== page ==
Recently, I read The Memory Palace of Matteo Ricci, which is about a sixteenth century Portugese monk who goes to China as a missionary. Why? That is, not why did he go to China but why did I read the book? Because I thought it would discuss his memorization system. You see, Ricci was brilliant at memorizing things.
The book actually gave away the secret in the first few pages, and if you know about the Greeks, you know the system already. Basically, the Greeks would memorize a speech by going into a house, and associating each part of the speech with a different room in the house. Ricci’s contribution was to create a ‘palace’ in his memory with which to associate certain facts.
It’s occured to me that there’s a good reason why the human mind works this way. Basically, our brains are hardwired to remember geographical cues for navigation, not to remember facts and figures. So if we can associate facts and figures with geographical cues, then we can remember the facts and figures better.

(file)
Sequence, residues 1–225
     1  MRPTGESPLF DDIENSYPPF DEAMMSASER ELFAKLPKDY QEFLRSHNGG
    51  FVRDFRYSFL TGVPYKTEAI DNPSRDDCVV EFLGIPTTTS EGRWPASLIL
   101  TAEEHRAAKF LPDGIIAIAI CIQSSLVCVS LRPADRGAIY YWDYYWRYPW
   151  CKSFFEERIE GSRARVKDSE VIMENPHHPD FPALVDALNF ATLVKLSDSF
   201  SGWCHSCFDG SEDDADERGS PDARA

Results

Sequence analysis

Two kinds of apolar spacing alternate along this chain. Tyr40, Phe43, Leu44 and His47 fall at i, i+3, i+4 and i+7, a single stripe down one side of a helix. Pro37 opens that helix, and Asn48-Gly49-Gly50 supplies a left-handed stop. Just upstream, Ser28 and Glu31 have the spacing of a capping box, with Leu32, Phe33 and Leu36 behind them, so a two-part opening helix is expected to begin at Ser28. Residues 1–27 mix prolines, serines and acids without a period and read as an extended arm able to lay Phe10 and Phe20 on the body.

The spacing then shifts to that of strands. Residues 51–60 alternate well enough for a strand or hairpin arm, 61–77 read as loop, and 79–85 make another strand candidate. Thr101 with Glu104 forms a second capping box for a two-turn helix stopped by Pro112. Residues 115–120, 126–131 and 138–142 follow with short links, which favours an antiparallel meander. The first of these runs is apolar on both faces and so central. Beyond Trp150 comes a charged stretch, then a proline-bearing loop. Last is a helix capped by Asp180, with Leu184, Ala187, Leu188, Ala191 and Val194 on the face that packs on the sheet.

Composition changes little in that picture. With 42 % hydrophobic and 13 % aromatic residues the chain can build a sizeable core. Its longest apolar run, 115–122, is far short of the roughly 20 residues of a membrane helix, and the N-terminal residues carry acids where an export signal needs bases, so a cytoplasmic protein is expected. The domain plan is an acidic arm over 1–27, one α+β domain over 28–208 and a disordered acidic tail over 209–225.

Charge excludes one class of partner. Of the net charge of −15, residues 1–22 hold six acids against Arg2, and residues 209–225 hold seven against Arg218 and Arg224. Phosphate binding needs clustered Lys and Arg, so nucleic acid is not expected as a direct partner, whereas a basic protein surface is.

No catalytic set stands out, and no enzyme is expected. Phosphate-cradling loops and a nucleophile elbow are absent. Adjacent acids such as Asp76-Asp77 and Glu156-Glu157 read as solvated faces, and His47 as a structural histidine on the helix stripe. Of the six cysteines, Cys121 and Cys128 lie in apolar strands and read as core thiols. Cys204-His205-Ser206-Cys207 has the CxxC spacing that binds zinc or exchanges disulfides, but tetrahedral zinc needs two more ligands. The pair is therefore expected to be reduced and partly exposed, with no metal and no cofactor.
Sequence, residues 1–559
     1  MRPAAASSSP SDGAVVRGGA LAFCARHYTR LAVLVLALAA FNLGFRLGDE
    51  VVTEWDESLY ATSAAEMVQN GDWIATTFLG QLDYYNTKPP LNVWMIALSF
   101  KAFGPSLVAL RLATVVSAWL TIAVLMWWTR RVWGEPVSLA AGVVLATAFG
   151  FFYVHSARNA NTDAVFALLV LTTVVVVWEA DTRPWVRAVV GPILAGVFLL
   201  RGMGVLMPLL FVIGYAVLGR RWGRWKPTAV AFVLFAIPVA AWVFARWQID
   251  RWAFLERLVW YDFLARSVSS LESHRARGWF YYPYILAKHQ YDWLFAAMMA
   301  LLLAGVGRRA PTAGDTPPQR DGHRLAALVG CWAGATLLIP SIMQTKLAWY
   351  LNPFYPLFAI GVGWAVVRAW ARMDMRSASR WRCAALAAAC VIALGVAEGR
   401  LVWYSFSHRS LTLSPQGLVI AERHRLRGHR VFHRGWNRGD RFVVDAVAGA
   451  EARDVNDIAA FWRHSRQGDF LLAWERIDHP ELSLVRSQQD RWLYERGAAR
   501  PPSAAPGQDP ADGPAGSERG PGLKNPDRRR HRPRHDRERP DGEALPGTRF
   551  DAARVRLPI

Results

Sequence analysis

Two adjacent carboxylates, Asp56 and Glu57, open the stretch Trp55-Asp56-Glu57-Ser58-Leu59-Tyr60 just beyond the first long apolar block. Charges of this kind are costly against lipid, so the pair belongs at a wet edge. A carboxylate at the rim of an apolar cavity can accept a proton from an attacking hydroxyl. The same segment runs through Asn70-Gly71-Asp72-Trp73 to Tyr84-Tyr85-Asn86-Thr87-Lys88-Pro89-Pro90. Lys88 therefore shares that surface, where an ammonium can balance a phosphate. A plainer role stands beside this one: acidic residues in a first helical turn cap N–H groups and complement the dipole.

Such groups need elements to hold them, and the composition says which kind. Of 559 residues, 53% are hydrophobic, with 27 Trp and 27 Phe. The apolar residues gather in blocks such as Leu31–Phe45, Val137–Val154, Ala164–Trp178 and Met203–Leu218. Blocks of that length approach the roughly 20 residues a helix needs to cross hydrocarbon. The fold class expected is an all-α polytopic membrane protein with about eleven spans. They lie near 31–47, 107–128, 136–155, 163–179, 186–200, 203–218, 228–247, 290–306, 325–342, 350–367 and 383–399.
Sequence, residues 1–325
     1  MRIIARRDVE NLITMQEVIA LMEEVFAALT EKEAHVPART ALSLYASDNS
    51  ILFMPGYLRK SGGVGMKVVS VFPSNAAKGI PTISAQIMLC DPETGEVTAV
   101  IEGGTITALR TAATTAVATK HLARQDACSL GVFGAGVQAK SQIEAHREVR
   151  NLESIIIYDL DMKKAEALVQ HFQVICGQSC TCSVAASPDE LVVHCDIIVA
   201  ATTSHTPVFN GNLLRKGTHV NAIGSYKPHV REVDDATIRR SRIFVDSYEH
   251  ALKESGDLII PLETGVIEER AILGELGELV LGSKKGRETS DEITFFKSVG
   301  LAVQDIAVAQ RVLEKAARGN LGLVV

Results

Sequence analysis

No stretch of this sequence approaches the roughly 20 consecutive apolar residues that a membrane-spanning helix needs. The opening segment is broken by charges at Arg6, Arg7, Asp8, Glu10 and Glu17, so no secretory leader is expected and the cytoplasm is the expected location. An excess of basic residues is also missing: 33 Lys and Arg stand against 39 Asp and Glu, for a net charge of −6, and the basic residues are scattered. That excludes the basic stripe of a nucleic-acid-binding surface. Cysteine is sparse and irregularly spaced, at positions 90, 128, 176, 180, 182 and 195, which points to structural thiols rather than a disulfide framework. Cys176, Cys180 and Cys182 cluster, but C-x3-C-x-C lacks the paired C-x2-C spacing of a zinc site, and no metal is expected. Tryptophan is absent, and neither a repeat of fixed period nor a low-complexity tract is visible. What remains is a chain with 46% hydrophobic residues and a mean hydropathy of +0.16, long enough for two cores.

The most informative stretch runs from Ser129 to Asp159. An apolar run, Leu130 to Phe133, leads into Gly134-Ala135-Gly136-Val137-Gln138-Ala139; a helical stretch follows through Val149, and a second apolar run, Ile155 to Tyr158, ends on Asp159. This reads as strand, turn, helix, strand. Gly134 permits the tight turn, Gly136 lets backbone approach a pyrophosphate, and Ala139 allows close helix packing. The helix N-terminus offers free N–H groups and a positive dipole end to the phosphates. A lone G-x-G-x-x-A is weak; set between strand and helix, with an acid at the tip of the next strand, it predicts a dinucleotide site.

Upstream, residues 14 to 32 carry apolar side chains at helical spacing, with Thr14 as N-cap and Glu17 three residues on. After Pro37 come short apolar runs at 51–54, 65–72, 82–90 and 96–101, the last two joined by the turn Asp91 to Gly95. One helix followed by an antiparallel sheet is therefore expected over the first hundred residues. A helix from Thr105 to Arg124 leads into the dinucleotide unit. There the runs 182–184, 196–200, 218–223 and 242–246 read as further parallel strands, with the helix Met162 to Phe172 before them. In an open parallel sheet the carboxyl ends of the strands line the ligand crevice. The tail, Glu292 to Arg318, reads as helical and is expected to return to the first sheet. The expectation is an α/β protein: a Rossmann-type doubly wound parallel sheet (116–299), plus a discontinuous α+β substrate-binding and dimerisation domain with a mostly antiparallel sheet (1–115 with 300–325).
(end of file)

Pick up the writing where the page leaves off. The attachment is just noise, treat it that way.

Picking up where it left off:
Anyhow, I came across this blog entry that was linked to Live Science, and that discussed virtual environments such as Second Life as learning tools. So far as I know, no one has really followed the Greeks and Ricci to the conclusion that a virtual world can create a geography that can be associated with facts and figures for memorization.
It seems to me that this would be really good for learning languages.